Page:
I was waiting in the volleyball pick up line for my daughter to leave the gym so we could head for home and then to a hot yoga class. I was listening to a book on tape when suddenly the sky caught my attention. It was moving. The whole sky was moving. I turned off the CD and sat in silence and began to notice all that was going on around me. It was an incredibly windy afternoon; the trees were flailing back and forth and the tall landscape grasses were often pushed vertical with the ground because of the intensity of the gusts. And the sky – the entire sky was blanketed by clouds that were being pushed quickly across my windshield.
As I sat there and took it all in, I wondered how many times I had missed this kind of show because I was thinking about the next meeting, the next project that needed my attention or my next vacation. Now granted, all of those things are important and should take my attention, but how often do I care to lift my head and be present? How often do I really notice what is going on around me? Even for a few seconds every few minutes?
I was asked to lead a guided meditation for 200 people this weekend. I took them through yoga nidra – conscious sleeping. This exercise simply takes one through a relaxation experience by relaxing the body one point at a time and asking each person to be present with their body and all of the sensations moment by moment. It takes incredible discipline to train the mind to both present and relaxed and yet it is very achievable –even to a novice. This simple exercise slows the inhales and exhales down to about 6 breaths per minute – the pace that allows our sympathetic nervous system to relax and be in a state that can heal. The afterglow feels magical, and yet science tells us that it is real and vital to good health.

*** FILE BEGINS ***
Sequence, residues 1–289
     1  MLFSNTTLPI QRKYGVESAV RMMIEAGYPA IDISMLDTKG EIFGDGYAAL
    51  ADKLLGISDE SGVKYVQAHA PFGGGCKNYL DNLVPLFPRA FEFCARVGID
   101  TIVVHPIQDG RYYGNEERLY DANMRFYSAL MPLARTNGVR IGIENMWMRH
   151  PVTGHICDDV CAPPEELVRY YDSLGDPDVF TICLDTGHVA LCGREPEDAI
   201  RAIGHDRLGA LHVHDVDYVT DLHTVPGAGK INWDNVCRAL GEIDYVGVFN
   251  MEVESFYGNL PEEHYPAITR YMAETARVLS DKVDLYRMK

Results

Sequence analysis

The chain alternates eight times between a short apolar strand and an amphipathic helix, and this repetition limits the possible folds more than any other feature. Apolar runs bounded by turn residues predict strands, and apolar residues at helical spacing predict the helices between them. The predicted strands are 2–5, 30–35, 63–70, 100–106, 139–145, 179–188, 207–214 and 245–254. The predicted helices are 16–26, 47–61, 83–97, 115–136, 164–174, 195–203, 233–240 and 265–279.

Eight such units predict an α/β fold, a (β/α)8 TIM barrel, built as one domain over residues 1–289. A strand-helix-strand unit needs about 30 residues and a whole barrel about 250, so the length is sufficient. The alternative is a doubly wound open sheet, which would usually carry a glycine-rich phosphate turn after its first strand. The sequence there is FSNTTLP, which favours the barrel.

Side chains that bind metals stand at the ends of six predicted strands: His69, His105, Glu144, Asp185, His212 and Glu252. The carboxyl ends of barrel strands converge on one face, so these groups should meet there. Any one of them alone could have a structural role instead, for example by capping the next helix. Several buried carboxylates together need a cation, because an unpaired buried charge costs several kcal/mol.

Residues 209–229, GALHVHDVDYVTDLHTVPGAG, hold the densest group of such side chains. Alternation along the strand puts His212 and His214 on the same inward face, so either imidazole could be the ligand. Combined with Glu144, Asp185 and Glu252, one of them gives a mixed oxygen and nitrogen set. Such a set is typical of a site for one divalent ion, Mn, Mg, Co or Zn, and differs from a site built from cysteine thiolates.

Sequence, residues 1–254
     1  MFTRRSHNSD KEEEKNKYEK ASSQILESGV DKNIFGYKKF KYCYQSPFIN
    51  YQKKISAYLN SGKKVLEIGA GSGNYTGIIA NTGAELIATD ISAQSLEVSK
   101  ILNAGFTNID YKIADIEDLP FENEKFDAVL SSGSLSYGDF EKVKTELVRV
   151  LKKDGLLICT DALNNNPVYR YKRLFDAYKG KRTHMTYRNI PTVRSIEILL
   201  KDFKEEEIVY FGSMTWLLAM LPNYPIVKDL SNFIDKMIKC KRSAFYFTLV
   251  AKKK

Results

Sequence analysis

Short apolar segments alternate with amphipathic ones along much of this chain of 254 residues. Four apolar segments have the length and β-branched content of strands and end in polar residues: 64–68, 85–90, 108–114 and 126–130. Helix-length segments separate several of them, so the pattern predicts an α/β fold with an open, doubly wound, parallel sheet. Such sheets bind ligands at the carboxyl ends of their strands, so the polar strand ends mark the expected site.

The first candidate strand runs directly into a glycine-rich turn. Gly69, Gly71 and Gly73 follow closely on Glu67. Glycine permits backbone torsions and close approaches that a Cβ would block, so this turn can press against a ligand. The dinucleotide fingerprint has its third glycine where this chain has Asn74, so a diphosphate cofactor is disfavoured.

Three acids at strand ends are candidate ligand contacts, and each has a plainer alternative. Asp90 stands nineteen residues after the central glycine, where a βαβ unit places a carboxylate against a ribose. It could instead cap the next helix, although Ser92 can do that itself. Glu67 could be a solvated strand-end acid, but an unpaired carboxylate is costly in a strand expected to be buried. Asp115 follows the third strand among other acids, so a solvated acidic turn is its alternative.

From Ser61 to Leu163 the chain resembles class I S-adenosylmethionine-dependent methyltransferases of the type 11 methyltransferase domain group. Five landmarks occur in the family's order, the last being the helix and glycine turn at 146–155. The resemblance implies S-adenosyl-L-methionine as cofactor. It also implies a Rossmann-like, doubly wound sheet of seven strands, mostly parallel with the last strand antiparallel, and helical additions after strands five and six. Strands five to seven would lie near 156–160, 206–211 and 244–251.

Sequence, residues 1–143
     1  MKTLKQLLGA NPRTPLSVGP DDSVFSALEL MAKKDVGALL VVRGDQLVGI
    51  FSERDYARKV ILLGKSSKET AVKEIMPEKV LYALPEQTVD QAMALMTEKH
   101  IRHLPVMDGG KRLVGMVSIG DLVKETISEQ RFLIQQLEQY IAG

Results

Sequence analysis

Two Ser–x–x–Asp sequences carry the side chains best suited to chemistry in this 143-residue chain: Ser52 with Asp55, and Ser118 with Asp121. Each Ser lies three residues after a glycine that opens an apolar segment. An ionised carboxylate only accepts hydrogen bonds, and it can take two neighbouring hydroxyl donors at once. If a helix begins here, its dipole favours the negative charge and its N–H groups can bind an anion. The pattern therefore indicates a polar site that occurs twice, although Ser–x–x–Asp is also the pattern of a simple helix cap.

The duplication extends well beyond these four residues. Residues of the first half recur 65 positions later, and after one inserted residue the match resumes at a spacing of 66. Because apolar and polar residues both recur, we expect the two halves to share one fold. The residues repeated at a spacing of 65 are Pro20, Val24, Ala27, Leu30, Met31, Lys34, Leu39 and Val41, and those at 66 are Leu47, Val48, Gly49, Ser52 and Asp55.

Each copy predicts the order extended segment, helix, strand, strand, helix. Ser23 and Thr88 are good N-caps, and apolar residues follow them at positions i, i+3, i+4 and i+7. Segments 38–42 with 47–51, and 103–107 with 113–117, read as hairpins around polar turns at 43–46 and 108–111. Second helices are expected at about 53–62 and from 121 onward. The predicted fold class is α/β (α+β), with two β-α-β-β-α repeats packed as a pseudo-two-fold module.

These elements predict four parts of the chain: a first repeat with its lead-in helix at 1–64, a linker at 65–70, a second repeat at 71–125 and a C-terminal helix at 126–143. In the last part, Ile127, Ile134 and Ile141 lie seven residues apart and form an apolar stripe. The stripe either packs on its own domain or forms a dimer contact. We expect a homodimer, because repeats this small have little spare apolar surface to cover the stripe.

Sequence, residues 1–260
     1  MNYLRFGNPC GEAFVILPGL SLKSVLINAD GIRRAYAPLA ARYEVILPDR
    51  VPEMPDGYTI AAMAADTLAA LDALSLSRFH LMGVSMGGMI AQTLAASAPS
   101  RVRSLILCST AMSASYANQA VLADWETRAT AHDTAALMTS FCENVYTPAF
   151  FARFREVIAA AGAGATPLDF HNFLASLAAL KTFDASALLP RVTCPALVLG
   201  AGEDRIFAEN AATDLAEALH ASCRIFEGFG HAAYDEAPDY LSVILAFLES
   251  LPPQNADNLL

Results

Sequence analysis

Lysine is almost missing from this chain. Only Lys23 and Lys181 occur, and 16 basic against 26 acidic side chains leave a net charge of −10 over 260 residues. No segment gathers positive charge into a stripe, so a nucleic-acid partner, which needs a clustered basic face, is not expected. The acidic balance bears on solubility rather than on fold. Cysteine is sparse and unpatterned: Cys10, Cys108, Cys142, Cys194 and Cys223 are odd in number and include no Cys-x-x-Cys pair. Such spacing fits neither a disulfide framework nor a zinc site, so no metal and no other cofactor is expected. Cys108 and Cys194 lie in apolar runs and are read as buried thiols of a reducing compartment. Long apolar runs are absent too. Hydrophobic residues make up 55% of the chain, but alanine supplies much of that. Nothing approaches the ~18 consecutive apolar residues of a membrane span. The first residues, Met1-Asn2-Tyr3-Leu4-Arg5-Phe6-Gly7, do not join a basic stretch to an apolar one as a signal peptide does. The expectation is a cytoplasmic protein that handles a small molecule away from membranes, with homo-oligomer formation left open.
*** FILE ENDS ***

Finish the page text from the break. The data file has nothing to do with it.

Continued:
A couple of years ago I had the good fortune to spend time in Colorado with the followers of Thich Nhat Hanh. This gentle, Vietnamese Buddhist monk has gathered together a group of followers on a path of mindfulness that has impacted the world. One seemingly odd thing we did was to eat in silence – all 1,000 of us ate in silence. What an amazing experience. Between each bite of food our forks were put back on the plate. That pace allowed me to really feel the texture of each bite, taste the spices and think about the number of hands it took to move the food from the field to my mouth. Gratitude. That was the overwhelming emotion. Gratitude. By being present I was able to notice the detail of not only the moment, but of my emotions.
“Life can be found only in the present moment. The past is gone, the future is not yet here, and if we do not go back to ourselves in the present moment, we cannot be in touch with life.” Thich Nhat Hanh
Here’s to the next time and noticing the weight of my foot on the floor…